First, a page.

And this should be a warning not to enter/exit your vehicle while refueling. You run the risk of a static discharge igniting fumes and causing a fire.


I still don’t get this. Are you guys saying that the tack’s point would manage to go through the sole of the shoe and stab you? I don’t know of any tacks that long (unless you’re wearing women’s heels or something).

Wouldn’t the point be to ruin the insulating effect of rubber soles by having the piece of metal make contact with the ground?

This is caused by your clothes rubbing against the seat as you enter and exit the vehicle. I’m guessing you have cloth seats, which are full of highly static-prone synthetic textiles. And your coat is probably either made of synthetics or wool, both of which are static-friendly. And your coat has probably never been exposed to any static-fighting fabric softeners - after all, how often do you launder a heavy winter coat?

My SO has had a couple of company cars that exhibited this problem badly. We solved it by hosing the seats down with a heavy dose of static-guard areosol spray. It has to be re-applied every few weeks, so we just keep a can in the car.

As to relative humidity: when the weather report tells you that the (relative) humidity is, say, 60%, that means that the outdoor air, at whatever temperature it is, contains 60% of the moisture that it can. But - and there’s a big but - (and don’t take that personally) - when that winter air is brought indoors and warmed up, it doesn’t also get additional moisture added, so at its new warmer temperature it’s still holding the same amount of moisture it came inside with. That’s a lot less than it CAN hold, now that it’s warmed up. So its relative humidity drops to very low levels - often well below the minimal comfort levels of 30% or so. So, that means that despite what the weatherman says, your house is a whole lot drier - ergo, static electricity, nosebleeds, etc. Yes - get a humidifier. It will make a world of difference.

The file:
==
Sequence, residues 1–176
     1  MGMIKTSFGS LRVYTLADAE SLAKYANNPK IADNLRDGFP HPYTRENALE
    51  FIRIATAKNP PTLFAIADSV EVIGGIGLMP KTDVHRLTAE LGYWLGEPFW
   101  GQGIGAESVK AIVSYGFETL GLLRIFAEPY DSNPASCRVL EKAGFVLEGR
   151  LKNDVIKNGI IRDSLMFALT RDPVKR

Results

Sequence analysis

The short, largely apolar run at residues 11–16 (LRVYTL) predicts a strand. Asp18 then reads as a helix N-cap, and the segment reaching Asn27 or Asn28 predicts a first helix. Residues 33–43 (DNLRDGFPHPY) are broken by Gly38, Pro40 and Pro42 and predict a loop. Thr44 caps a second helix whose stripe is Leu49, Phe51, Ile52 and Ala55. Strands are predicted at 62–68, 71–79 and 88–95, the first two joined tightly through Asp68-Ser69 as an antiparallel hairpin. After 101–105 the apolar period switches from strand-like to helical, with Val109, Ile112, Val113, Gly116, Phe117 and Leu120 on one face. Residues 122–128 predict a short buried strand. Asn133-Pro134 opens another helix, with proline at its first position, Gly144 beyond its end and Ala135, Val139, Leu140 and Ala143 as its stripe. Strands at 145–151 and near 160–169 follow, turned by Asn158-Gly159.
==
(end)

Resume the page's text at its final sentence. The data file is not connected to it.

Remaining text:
I will explain - If you put a thumbtack through the sole of the shoe, from the inside, the point is sticking towards the ground. The flat bit would be up against your sock - right?. Yes, yes?. OK.

The idea was that the tack would leak charge from the body (moist sock) to the ground. What you dont want is a well insulated body, as this is what leads to a buildup of charge. This is a large potential between the body and surrounding objects which discharges when the two are brought close enough together. OK. Get it?

Yes, low humidity can lead to nose bleeds. For remedy, drink lots of liquids and humidify. Or, (and remember, I’m not a doctor) sesame oil:


Pure Sesame Oil vs Isotonic Sodium Chloride Solution as Treatment for Dry Nasal Mucosa

And the only two sites I’ve found where you can get Nozoil shipped to the U.S. …

Nozoil Nasal Spray 10ml

Nozoil Dry Nose Nasal Spray 10ml


Pokénose League: “I pick you, Scabby!”

For the carpets in your home try a spay bottle of water with some fabric softner.

For your car just make sure you’re touching metal as you get out.